SANTIAGO – Not content with just protesting, the hundreds of thousands of Chileans who have taken to the streets over the last two weeks to denounce the country’s right-wing government are meeting in parks, squares, schools and other public venues to debate proposals for radically overhauling the social, political and economic foundations of their society.
Some are informal, spontaneous gatherings, while others are organized by Social Unity Roundtable, a coalition of unions and grassroots organizations trying to formulate a coherent national program for change.
“They are townhall meetings where the citizens can say what they want and have that included in a document that contains the requests raised by the people,” Social Unity’s Belen Saavedra told Efe.
On Thursday, Saavedra helped organize a meeting of some 50 people in Santiago’s Ñuñoa neighborhood.
Following the Social Unity guidelines, the residents split up into groups of up to 10 people. Within each group, a moderator is chosen to coordinate discussion of the causes of popular unrest, the opportunities created by the mobilization and what can be done to transform Chile.
“The same questions are debated in all of the meetings,” Saavedra said.
Amid demands for free education, better health care and higher wages and pensions, participants return again and again to the idea of convening a constituent assembly to draft a new constitution, she said.
Chile’s current constitution is a legacy of the 1973-1990 dictatorship of Augusto Pinochet.
The chairman of the community board in Ñuñoa, Rodrigo Molina, told Efe that the townhall meetings give citizens a chance “to participate, to offer opinions and to be heard. To see why the crisis happened and which measures the country needs, because the people know the country and its reality better than anyone.”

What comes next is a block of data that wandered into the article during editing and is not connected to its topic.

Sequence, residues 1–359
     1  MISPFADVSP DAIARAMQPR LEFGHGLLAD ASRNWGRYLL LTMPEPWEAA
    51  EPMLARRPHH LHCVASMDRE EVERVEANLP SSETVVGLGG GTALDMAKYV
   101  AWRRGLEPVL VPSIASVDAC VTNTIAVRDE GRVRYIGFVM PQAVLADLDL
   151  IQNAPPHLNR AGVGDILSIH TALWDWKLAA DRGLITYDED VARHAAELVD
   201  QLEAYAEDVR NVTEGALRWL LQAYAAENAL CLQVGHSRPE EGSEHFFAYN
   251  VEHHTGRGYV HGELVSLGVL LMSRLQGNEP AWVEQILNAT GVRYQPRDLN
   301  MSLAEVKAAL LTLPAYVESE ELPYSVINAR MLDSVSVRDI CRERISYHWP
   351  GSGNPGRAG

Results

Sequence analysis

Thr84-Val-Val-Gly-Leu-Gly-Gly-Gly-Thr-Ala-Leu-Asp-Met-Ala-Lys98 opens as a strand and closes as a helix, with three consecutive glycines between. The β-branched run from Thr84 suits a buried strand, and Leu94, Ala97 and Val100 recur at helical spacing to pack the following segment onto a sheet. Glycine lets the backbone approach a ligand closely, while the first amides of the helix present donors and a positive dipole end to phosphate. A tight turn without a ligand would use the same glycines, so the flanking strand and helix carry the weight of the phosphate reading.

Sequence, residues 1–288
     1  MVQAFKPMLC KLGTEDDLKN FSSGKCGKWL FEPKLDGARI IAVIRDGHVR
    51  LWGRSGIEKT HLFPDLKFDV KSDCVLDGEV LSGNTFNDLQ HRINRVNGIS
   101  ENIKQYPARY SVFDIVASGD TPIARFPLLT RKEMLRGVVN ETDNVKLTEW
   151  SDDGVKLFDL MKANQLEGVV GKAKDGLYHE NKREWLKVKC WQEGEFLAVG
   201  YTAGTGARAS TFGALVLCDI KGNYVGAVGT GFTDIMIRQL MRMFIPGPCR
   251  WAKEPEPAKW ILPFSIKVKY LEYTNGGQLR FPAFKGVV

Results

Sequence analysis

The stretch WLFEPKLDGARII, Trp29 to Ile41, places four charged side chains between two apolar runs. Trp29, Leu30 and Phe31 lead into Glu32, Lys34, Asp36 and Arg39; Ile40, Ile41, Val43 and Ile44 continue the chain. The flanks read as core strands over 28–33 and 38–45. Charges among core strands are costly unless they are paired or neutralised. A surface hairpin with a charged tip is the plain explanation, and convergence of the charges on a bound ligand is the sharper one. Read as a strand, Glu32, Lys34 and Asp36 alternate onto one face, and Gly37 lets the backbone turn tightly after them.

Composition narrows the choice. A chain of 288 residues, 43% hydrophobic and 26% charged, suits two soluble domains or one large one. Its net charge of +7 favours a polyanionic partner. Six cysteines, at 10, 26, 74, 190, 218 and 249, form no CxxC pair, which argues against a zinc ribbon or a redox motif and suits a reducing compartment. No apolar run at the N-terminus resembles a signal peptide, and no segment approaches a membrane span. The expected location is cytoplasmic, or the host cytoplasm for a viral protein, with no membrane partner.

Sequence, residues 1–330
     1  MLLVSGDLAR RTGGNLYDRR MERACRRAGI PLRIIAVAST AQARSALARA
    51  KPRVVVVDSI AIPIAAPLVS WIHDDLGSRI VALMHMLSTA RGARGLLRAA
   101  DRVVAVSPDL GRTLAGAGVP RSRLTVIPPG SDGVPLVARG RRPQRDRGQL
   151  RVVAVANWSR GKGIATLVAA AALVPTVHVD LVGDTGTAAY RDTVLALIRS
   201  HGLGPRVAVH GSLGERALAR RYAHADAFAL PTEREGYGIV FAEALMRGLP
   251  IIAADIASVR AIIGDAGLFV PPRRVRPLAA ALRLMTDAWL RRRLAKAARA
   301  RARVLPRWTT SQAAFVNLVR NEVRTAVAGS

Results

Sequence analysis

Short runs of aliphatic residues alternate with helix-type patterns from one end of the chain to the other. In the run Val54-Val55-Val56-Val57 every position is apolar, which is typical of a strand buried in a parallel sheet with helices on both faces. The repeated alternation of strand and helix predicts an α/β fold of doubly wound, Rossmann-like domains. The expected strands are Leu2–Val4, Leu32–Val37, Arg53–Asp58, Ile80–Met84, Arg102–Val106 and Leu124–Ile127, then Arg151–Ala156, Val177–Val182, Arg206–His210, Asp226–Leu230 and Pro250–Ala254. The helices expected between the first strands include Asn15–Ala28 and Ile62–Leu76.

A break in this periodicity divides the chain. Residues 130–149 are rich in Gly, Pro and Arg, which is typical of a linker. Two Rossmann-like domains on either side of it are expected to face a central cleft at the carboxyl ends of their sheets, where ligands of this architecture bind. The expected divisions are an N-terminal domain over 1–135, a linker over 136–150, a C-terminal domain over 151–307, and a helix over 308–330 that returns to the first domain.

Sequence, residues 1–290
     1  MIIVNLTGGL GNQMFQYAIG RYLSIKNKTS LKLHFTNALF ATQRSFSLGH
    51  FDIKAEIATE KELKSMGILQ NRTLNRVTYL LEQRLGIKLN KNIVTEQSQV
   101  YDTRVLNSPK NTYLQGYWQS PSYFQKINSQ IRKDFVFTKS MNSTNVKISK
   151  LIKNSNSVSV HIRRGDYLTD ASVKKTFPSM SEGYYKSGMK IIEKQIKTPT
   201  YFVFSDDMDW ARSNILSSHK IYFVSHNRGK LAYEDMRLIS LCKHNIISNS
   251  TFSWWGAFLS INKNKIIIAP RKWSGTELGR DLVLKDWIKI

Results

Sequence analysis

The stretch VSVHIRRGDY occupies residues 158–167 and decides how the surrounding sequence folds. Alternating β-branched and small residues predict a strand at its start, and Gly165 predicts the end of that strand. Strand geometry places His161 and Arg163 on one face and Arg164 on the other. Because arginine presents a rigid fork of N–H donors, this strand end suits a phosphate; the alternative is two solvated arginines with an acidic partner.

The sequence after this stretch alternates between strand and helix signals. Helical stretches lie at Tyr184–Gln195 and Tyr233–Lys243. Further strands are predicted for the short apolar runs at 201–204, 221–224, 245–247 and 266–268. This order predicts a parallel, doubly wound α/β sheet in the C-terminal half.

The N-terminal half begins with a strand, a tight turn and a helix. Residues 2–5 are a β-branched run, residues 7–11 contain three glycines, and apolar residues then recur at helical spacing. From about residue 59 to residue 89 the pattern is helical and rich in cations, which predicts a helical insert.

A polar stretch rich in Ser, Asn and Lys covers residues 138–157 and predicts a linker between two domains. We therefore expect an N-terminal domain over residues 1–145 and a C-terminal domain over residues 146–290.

“After all these days of intense social activity and mobilizations there has to be something that involves a change inside the institutions and which a legal, juridical value to be able to make the transformations that are needed,” according to Leandro Infante, a Ñuñoa resident who took part in Thursday’s meeting.
The townhall meetings recall the 2011 May 15th Movement in Spain, where the “indignados” (angry ones) held public assemblies to demand genuine democracy and an end to corruption.
That movement gave rise to a new leftist party, Podemos, which quickly became a force in national politics.
So far, none of Chile’s existing parties has been able to claim the right to speak for the uprising that brought 1.2 million people – more than 5 percent of the country’s population – into the center of Santiago a week ago.
“We understand that all the demands and reflections we make in the assemblies are political. The problem is when parties who want to co-opt that space arrive,” Fernando Aguirre, coordinator of the assembly in Santiago’s Brasil neighborhood, told Efe.
He said he hopes to see the emergence of something akin to direct democracy.
Chile’s billionaire president, Sebastian Piñera, has announced plans for a dialogue with the citizenry, but the protesters show little interest in talking with the government.
For one thing, people no longer believe the president, according to Molina, who says the aim of the townhall meetings is a complete overhaul of the existing model.
“We need a new system from beginning to end. The people of Chile are shaking the foundations of the country, but the authorities seem unconvinced that they need to change,” Molina says.